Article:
Sweet Savannah: part two
Patricia Cleveland-Peck is seduced by Savannah – arguably the most enchanting city on America’s Atlantic coast
Continued from Friday
The Mercer House (and yes, the original owner was an ancestor of Johnny Mercer, Savannah’s most famous song writer) is just one of many old Savannah homes worth a visit. From the earliest days the colonists had made money and lived in great style.
One such was Scotsman, Andrew Low, who arrived from Kincardineshire at the age of 16 to work in his uncle’s firm buying and selling cotton. He married a Savannah belle and having made serious amounts of money, he commissioned leading New York architect John Norris to build a splendid mansion facing Lafayette Square for his wife and young family. Before they could move in, however, both his wife and little son died and it was as a devastated 35 year old single parent that Low took up residence. It was his second wife Mary who was responsible for the exquisite furnishings: the Grecian couches and chairs and the stunning silver which visitors can admire today. The house was also famous for its receptions – and its guests. Both William Makepeace Thackeray who, during his stays there enjoyed “leisure all morning to think, sleep, read and do as I like…” and General Robert E Lee, were Low family friends.
This house is also remembered as the place where, in 1912, Andrew Low’s daughter-in-law Juliette Gordon Low, known as Daisy, wife of his son and heir William, founded the Girl Scout movement. Another big Regency house on Bull Street, in which she was born is now owned and operated by the Girl Scouts of America and is regularly visited by bands of guides and scouts from all over the world.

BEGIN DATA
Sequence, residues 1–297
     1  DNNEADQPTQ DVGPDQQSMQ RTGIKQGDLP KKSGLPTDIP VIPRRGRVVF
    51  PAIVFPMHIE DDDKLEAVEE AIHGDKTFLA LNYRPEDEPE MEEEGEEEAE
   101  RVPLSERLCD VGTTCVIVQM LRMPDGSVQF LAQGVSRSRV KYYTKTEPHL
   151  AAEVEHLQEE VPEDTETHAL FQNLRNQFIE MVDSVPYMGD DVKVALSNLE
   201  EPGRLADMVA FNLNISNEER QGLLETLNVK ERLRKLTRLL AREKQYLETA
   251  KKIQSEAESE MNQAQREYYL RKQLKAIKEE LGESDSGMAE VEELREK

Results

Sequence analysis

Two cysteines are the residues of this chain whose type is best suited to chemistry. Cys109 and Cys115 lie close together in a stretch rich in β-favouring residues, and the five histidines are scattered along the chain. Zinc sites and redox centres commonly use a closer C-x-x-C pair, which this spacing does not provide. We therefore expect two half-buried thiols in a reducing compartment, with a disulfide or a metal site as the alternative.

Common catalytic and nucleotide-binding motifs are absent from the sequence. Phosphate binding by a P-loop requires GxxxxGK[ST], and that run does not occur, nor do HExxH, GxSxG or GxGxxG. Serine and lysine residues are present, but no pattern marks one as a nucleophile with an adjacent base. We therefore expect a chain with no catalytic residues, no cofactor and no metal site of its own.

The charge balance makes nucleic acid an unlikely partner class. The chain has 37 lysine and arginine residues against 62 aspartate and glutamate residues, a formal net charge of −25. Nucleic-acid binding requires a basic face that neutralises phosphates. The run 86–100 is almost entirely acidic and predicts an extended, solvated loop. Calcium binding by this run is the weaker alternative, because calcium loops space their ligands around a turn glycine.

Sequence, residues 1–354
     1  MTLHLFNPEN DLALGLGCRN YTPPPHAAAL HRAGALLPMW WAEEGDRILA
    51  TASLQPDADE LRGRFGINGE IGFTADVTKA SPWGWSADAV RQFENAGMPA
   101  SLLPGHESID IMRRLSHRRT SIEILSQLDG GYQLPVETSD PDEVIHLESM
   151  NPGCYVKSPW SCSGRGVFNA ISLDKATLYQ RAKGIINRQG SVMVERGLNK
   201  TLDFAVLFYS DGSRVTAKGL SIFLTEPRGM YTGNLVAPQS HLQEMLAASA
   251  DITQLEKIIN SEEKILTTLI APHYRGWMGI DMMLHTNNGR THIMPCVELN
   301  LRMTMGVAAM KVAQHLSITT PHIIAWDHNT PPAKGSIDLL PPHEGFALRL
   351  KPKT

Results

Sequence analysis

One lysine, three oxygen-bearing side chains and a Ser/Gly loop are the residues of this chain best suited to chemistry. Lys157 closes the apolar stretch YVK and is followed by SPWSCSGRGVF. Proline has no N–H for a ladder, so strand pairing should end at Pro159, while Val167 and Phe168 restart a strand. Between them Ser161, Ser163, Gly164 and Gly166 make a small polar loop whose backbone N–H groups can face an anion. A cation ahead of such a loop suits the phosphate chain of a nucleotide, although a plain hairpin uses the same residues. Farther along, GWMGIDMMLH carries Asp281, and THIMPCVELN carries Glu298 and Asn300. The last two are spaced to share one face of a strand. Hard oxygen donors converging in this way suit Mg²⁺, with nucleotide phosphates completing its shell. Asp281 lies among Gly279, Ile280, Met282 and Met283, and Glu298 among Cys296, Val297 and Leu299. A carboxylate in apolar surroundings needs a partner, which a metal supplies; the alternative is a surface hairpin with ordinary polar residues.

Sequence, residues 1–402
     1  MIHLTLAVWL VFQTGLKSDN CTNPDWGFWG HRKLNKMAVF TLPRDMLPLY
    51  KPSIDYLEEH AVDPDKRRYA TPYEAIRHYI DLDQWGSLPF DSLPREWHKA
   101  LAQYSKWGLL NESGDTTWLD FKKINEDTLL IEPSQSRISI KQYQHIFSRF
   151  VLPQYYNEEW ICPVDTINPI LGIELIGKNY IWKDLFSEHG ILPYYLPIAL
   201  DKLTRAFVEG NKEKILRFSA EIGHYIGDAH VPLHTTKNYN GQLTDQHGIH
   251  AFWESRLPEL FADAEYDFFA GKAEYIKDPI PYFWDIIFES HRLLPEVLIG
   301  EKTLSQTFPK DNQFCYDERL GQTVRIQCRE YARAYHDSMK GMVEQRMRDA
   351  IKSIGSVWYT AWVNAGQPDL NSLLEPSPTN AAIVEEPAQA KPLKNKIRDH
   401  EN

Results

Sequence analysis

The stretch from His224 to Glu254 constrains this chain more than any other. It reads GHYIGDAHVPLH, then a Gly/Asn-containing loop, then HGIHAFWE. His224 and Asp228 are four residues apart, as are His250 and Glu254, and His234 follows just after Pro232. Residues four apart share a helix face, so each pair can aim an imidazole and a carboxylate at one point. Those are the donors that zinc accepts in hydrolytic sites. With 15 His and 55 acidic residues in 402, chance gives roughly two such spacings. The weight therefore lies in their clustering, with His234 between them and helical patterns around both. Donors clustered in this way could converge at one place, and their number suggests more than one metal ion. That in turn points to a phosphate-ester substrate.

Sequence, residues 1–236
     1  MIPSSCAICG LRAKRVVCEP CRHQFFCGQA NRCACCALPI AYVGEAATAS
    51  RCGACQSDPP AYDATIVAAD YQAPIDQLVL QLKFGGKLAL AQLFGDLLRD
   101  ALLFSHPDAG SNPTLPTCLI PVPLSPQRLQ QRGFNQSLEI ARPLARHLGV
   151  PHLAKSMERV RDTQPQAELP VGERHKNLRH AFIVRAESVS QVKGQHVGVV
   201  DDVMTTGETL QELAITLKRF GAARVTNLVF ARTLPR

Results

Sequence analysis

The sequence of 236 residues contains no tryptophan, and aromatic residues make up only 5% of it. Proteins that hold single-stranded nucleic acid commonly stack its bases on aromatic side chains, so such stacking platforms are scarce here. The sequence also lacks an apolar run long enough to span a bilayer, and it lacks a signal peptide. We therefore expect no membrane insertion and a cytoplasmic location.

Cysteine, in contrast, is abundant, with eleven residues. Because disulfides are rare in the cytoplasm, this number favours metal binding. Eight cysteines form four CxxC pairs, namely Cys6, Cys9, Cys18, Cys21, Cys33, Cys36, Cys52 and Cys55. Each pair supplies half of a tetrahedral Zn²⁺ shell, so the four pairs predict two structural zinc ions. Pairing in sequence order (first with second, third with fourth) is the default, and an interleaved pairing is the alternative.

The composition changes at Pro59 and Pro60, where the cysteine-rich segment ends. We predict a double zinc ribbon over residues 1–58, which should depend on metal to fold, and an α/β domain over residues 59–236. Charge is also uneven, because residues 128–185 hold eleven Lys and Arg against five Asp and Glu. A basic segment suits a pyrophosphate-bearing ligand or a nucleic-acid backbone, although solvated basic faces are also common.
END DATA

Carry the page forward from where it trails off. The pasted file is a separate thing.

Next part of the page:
In Savannah anyone interested in architecture can experience Federal, Georgian, Gothic, Greek Revival, Italianate, Regency, Romanesque and Empire styles in the course of one walk. The Green Meldrin house, General Sherman’s headquarters when he captured the city, also built by John Norris, has wonderful carving and plasterwork: The Davenport House is an exceptionally fine Federal building and the big Regency Owens-Thomas House still has its interesting if thought provoking slave quarters are intact. Worth noticing too throughout the city is the ironwork which decorates balconies and railings, and the particularly engaging dolphin head water spouts.
Savannah is a relaxed, laid back destination which is blessed with plenty of delightful inns and restaurants. The Planter’s Inn is convenient and comfortable and the President’s Quarters is a delightful small inn where, as in many American inns, not only do guests enjoy bed and (in this place, a very good) breakfast but in the evenings they gather in the lobby or on the garden terrace for wine and canapés – a delightful and friendly interlude hosted by innkeeper Jane Sales with typical southern charm.
Just one square away is The Olde Pink House Restaurant and Tavern, a building (haunted of course) dating from the 1770s where the menu is steeped in the traditions of the Lowcountry. It is hard choose between such starters as the local speciality she- crab soup or fried green tomatoes with applewood bacon and sweet corn cream or even sautéed local shrimp with country ham gravy and cheddar cheese grits. Room must be left for a main course of crispy scored flounder with apricot shallot sauce, creamy grits and collards or crispy half duck, black vinegar BBQ glaze, seasonal fruits and vegetable crepes. Replete after such a satisfying meal what a pleasure it is to go downstairs to the tavern and relax listening to live jazz or blues.
Savannah owes its wealth to its port and although this is still used by huge container ships, the centuries-old warehouses have now been converted into hotels, cafes, pubs and shops and the area redubbed Historic River Street. Savannah is taking care of its economic future. Y’all enjoy!